14

Can I now use the gross $200 which I've given them as a potential tax deduction? No, the charitable contribution was the $100 worth of clothes you donated, purchases at these stores aren't tax-deductible. When you get something of value in return for a donation it decreases the amount of your charitable contribution. Another example would be a charitable ...


9

When you donate an item, you can deduct the amount that you could have sold the item for on the open market. For instance if you donate an '83 Chrysler LeBaron, you cannot deduct the $11,800 sticker price, but the $200 "guy on Craigslist will pay that" price. Or arguably, the $900 "State smog buy-back program will pay that" price, but that argument is ...


8

To try and answer all of your questions, Can I enter this amount in Tax Returns? Yes, but at the end you have to choose between the total of your itemized deductions (charitable contribution plus others such as mortgage interest and state taxes) and the standard deduction, you cannot add charitable contributions on top of the standard deduction. How ...


6

First, using Gift Aid never really reduces your taxes: it merely allows the charity to reclaim some of the taxes you have already paid (the amount reclaimed assumes you are a basic-rate tax-payer). If you are actually a higher-rate tax-payer, you can also reclaim the remainder of the taxes you have already paid. Example 1: Normal-rate tax-payer: Consider £...


5

Yes, the portion donated to the qualifying charity is tax deductible. As you note it's how much goes to the charity and not how much extra you pay, because in some cases part of the extra fee covers manufacturing cost of the plate for the first year. This is in line with other charitable giving situations in which you receive something of value (like a ...


4

Step Transaction Doctrine. This is why the plan runs afoul of IRS regs. From the linked IRS doc - "Under the step transaction doctrine, "a series of transactions designed and executed as parts of a unitary plan to achieve an intended result ... will be viewed as a whole regardless of whether the effect of so doing is imposition of or relief from ...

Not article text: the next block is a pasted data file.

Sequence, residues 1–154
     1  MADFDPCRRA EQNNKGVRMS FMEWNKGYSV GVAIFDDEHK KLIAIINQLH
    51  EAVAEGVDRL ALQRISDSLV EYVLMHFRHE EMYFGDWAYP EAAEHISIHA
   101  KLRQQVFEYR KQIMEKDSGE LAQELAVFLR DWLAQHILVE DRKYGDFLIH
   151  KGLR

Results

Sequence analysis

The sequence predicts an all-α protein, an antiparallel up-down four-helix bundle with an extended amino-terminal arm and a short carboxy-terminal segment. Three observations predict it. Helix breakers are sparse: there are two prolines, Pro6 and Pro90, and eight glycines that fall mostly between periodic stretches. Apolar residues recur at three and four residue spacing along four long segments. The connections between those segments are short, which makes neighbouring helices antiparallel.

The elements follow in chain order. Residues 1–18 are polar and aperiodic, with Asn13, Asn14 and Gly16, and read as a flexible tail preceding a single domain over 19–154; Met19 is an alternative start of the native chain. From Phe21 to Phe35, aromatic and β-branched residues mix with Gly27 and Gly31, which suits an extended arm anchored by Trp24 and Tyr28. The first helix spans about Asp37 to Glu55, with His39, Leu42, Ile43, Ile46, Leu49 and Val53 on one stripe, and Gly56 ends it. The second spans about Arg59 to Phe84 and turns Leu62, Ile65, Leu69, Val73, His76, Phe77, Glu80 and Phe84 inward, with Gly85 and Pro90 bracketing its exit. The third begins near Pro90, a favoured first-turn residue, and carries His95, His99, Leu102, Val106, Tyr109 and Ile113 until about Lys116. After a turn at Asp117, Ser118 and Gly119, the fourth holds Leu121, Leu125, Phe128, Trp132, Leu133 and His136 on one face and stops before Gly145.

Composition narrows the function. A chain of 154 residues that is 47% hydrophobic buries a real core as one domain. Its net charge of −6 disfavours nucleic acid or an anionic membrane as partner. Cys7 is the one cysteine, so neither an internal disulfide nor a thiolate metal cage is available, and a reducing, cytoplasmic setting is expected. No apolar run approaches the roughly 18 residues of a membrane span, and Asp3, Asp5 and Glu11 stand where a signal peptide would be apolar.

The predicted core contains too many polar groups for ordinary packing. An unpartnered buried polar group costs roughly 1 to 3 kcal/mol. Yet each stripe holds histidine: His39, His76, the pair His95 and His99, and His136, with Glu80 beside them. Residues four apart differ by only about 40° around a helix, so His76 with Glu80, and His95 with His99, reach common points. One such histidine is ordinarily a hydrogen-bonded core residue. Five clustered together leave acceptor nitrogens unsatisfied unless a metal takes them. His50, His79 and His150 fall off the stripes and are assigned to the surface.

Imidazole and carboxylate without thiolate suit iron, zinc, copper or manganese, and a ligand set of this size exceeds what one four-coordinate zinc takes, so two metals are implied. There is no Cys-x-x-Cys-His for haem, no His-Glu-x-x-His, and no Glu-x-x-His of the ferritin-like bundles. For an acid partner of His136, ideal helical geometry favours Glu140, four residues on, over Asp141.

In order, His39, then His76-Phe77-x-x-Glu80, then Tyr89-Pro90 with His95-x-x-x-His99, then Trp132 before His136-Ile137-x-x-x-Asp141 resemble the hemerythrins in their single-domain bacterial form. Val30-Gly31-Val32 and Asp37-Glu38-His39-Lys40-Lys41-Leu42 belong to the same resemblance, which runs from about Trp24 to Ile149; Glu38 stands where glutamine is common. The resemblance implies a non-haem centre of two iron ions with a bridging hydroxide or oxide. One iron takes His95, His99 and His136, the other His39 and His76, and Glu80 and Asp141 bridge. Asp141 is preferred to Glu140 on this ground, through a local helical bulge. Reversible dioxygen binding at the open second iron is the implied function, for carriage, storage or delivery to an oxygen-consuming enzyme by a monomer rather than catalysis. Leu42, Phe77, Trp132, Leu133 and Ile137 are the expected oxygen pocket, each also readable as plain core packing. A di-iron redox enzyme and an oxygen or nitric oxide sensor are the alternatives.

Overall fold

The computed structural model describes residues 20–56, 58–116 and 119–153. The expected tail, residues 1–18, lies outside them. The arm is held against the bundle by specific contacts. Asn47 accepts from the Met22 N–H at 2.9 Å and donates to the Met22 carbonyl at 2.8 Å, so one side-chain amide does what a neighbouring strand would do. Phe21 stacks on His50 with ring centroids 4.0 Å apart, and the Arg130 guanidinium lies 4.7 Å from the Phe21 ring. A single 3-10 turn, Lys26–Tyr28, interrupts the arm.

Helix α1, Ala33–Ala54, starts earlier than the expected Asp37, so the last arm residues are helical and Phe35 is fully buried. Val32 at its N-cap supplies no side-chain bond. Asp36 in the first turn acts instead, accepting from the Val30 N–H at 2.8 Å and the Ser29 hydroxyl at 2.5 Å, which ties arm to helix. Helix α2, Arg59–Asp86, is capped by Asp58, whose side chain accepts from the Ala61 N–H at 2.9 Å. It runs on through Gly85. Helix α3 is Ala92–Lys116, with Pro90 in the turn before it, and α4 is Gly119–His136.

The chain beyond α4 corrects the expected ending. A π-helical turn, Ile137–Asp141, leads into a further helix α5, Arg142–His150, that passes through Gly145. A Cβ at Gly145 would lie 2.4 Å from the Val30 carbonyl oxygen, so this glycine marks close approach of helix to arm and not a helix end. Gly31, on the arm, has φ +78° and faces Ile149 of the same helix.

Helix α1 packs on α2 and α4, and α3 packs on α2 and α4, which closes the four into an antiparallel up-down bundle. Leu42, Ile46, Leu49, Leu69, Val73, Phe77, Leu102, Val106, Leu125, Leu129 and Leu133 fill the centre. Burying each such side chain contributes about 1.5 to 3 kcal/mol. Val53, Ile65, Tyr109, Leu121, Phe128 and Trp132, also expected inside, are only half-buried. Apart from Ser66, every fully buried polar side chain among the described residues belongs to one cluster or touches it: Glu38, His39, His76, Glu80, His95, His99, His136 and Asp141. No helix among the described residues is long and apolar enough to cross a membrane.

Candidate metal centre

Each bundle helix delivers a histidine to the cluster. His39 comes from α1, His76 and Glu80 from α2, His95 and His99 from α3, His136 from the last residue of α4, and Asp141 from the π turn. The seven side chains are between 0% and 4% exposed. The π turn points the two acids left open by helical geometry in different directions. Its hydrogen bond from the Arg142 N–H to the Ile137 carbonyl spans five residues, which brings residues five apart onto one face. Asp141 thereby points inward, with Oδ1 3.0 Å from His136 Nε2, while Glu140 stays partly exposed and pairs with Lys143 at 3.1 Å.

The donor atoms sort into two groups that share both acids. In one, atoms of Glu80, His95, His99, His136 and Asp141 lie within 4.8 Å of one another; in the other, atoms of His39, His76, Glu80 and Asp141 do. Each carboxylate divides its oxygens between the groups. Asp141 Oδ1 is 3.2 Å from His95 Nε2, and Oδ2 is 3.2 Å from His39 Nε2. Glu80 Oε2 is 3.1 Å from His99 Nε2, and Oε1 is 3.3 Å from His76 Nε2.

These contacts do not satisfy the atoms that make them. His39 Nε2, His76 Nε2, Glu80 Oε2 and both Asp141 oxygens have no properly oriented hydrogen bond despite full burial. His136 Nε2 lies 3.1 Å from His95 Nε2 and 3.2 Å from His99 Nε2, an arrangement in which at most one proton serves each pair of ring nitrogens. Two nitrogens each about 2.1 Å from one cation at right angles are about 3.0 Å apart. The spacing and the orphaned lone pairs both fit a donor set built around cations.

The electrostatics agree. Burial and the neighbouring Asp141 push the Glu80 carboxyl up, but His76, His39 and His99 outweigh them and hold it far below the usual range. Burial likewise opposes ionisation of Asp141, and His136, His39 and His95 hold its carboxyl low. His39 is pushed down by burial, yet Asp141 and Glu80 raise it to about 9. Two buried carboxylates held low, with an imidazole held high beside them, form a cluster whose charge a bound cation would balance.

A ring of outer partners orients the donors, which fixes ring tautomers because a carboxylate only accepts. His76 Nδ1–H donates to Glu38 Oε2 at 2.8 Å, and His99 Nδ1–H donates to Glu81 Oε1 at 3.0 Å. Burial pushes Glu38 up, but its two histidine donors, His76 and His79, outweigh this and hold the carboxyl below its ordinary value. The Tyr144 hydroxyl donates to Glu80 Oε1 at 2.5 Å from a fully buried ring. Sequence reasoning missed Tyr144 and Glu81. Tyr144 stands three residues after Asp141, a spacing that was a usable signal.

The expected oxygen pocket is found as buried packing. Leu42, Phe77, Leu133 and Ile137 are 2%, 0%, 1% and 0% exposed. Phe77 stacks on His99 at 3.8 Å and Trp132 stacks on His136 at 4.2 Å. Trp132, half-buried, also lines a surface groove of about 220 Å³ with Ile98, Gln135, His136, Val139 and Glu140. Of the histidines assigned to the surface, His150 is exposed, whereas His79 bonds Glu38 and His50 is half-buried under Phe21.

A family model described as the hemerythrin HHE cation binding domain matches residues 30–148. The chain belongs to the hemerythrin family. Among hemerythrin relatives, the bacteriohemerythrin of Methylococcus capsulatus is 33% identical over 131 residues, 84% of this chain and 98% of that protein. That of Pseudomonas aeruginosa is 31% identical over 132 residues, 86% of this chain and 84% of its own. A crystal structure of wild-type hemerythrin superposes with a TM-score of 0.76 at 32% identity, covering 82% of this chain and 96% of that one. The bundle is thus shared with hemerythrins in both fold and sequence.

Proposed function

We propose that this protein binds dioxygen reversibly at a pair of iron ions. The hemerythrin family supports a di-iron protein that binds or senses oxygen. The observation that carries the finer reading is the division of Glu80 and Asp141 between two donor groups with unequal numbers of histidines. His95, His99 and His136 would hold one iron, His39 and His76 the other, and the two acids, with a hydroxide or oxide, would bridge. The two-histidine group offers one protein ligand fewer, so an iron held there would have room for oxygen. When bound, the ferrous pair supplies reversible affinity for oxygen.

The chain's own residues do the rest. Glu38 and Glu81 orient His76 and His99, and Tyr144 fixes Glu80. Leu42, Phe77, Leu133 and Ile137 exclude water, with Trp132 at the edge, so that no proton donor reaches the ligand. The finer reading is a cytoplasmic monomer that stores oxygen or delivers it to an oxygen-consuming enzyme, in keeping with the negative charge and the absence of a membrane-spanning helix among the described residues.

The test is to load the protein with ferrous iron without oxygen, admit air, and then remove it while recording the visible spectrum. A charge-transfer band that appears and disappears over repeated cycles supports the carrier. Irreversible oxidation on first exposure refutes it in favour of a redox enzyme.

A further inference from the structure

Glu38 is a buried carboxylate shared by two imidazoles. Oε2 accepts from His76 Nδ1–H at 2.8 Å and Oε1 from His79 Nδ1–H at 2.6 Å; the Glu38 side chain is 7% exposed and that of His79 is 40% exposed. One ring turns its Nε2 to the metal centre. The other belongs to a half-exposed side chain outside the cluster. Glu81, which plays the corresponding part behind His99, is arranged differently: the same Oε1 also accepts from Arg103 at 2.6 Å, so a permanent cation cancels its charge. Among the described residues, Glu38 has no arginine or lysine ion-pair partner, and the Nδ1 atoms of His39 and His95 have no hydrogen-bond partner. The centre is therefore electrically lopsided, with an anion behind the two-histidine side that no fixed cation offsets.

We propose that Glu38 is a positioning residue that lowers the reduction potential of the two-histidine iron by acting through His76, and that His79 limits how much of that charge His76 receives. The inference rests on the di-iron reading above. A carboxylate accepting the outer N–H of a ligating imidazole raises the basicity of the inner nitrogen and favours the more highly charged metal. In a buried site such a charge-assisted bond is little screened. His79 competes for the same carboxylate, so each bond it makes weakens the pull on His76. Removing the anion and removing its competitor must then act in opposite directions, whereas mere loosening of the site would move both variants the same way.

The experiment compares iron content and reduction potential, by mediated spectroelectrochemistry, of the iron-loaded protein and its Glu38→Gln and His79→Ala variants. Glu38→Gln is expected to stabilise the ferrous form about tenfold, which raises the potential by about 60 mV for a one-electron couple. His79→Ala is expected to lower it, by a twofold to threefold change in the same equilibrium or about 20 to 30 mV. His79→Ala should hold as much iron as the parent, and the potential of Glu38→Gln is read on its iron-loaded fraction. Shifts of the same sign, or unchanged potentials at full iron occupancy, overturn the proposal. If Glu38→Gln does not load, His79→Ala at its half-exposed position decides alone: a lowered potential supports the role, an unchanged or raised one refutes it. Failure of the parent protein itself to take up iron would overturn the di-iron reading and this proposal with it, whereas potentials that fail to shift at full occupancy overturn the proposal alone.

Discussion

3

There is so much in the tax code where timing is important. In many cases, a day makes all the difference when a transaction occurring in one year (Dec 31) vs the next (Jan 1) can have a very different tax implication. I am sorry for your loss. No, the situation is not reversible, as the stock is already sold. It may not be any consolation, but yours is ...


3

Assuming the church is a tax exempt organization, donations are deductible if you itemize your deductions. If you're not getting an annual receipt or don't have records, the deduction might be hard to justify in an audit. The IRS publishes information on how to treat charitable contributions.


3

tl;dr: Your idea is mathematically a good one, but maybe you still shouldn't do it. I believe you're on to something with postponing your charitable donations, but for a different reason than you're thinking. It sounds like the change in the standard deduction from 2017 to 2018 affected your ability to deduct donations (as it did many people), since it ...